In December 2021, as we set out on our annual New Year’s trip to see friends and family, I thought my household was on its last long-distance drive in a vehicle with an internal combustion engine. We had ordered an electric vehicle (EV) in late September and it was supposed to arrive in February. So we had a home charger installed in February, but then no EV.
Three notifications of delay later, and we were facing not only ever-rising petrol prices, but having to service and refinance our family car, as the contract would expire before the new car would be delivered. So after some reassessment, negotiation, and in light of the second-hand car shortages, we managed to secure an 18-month old, ex-demo, but more expensive vehicle make and model for similar monthly payments. It had less range, but a lot nicer finish – and a few bells and whistles we probably never would have ordered!
So I cannot report on a fully electric 2022, but we have had six months of all-EV driving – and parking and charging.
How’s it gone?
Our solar panels kept us topped up for free over the summer, and we only had to charge elsewhere on a single journey to see family. We found a rapid charge point in a retail park a little over halfway there, and had all the energy we needed in the time it took us to pick up a few groceries. Slow charging from an outdoor plug at a relatives’ home was an easy option, and we discovered that another relation had a pre-installed home charger in their recently bought new-build.
A little road trip in October half term was even more satisfactory. We benefitted from VIP parking (and got a charge) at Harry Potter Studios (an attraction I recommend). We then had a couple nights in a holiday cottage in Norfolk, where the EV-owning owners let us use their charger and pay for the electricity with our bill. They were also more than happy to talk about their EV experiences – I was interested to learn they had installed a home charger at an elderly parent’s home to minimise range anxiety when on caring duties.
With Autumn rain, our neighbour’s house blocking the low winter sun and my other half’s daily commute, our EV was ever more rarely chargeable by solar, but we appreciated our smart home charger even more. We could programme our car to charge in the middle of the night and track the energy use in our home. It was useful when our smart meter was on the blink, and more recently helped us benefit from the government’s energy saving scheme.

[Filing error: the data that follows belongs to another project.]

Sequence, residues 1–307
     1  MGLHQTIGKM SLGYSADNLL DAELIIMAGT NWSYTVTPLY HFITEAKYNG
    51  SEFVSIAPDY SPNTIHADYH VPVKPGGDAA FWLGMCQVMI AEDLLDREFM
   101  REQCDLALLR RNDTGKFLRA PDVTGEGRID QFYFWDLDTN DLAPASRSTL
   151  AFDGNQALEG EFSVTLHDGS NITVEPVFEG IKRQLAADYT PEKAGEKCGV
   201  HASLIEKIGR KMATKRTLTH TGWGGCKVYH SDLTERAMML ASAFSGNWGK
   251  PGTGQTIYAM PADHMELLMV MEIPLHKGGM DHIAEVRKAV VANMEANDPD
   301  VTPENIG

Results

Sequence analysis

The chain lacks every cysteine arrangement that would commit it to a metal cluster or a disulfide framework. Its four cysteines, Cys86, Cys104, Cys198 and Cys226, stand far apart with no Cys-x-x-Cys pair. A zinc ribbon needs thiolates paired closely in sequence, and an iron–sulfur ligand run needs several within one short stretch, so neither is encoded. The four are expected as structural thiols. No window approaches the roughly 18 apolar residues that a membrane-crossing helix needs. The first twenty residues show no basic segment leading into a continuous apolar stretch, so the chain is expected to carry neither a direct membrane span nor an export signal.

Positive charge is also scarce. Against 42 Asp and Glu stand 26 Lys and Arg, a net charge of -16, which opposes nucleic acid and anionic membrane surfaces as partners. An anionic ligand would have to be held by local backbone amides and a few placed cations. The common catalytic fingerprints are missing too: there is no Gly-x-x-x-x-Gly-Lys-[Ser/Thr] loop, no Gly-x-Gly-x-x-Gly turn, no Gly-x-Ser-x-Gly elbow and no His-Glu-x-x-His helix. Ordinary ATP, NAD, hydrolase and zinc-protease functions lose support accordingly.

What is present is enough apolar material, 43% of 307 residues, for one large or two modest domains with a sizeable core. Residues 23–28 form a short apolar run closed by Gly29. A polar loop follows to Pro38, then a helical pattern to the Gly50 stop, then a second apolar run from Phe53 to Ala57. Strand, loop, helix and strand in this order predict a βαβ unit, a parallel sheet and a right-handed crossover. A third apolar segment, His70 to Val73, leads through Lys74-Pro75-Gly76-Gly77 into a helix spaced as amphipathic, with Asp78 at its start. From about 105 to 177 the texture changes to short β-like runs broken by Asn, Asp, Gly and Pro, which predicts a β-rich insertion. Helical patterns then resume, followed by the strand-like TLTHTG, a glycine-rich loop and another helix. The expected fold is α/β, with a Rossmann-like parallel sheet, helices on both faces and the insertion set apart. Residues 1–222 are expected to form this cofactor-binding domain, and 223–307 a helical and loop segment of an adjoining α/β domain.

Our travel patterns over the last six months haven’t change much. We drive for the same sorts of journeys as before, and I walk as much as ever. We’re still a one-car family that occasionally struggles with logistics. We enjoy knowing that our family car is more environmentally friendly, cheaper to run, gets us out of regular journeys to the petrol station, and makes spaceship sounds under 10mph.
On the other hand, on longer journeys in the winter, you have to worry not only about finding a charger, but also finding one that’s operational and available. And if someone else is plugged into the same rapid charger at the same time as you, your EV will charge at half speed or less, result in longer-than-planned stops with antsy children or running the battery down further and feeling range anxiety.
More charging infrastructure would help – and it has been surprising to realise which places have more or less available – but we’ve realised it’s not just about planning ahead, but also planning in a different way than for refuelling.
With an EV, plan to keep topped up, rather than waiting until you’re on a quarter charge (and that includes when charging at home!). Think about how many charge-points are available at a given location, not just where they are. Think about where you can charge when on longer journeys whilst stopped for a meal, rather than simply along a route. Supermarkets might be better bets than motorway services, and you never know whose home might have a charger you can use.
Which leads me to my final point – if EVs are to maximise their potential to drive forward a more sustainable future, EV drivers must come together to share advice, charging, and even vehicles. The more we do so, the more we will be able to wish each other a Happy Electric New Year.